Global economic freedom up slightly; UK ranks 10th among 159 jurisdictions
The UK’s ranking is unchanged from last year’s.
The index published in Economic Freedom of the World measures the degree to which the policies and institutions of countries are supportive of economic freedom. The cornerstones of economic freedom are personal choice, voluntary exchange, freedom to enter markets and compete, and security of the person and privately owned property. Forty-two data points are used to construct a summary index and to measure the degree of economic freedom in five broad areas:
1. Size of government: expenditures, taxes, and enterprises;
2. Legal structure and security of property rights;
3. Access to sound money;
4. Freedom to trade internationally;
5. Regulation of credit, labor, and business.
The United Kingdom scores in key components of economic freedom (from 1 to 10 where a higher value indicates a higher level of economic freedom):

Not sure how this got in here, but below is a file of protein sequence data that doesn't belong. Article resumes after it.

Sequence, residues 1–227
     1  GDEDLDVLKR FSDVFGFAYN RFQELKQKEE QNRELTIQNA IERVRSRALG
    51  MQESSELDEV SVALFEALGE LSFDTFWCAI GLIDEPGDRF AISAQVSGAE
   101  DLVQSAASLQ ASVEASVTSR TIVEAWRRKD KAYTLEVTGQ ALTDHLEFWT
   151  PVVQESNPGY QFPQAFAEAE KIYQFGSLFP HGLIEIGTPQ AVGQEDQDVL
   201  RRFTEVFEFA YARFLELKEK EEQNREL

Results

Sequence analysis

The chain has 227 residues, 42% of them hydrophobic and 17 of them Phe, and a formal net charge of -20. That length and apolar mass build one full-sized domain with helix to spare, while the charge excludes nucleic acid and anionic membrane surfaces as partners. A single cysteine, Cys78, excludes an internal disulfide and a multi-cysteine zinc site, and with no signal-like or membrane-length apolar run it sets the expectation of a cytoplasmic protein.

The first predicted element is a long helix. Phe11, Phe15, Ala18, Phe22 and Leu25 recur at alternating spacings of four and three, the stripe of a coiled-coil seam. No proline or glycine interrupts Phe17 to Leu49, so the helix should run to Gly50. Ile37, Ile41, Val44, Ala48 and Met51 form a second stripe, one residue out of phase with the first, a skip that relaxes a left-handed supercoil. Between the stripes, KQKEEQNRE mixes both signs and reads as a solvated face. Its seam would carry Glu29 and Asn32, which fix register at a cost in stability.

- Size of government: is 6.19 – unchanged from last year’s report
- Legal system and property rights: is 7.82 – unchanged from last year’s report
- Access to sound money: is 9.75 – unchanged from last year’s report
- Freedom to trade internationally: is 8.28 – unchanged from last year’s report
- Regulation of credit, labour and business: is 7.59 – unchanged from last year’s report
The Fraser Institute produces the annual Economic Freedom of the World report in cooperation with the Economic Freedom Network, a group of independent research and educational institutes in nearly 100 nations and territories. It’s the world’s premier measurement of economic freedom, measuring and ranking countries in five areas: size of government, legal structure and security of property rights, access to sound money, freedom to trade internationally, and regulation of credit, labour and business.
See the full report at www.fraserinstitute.org/economic-freedom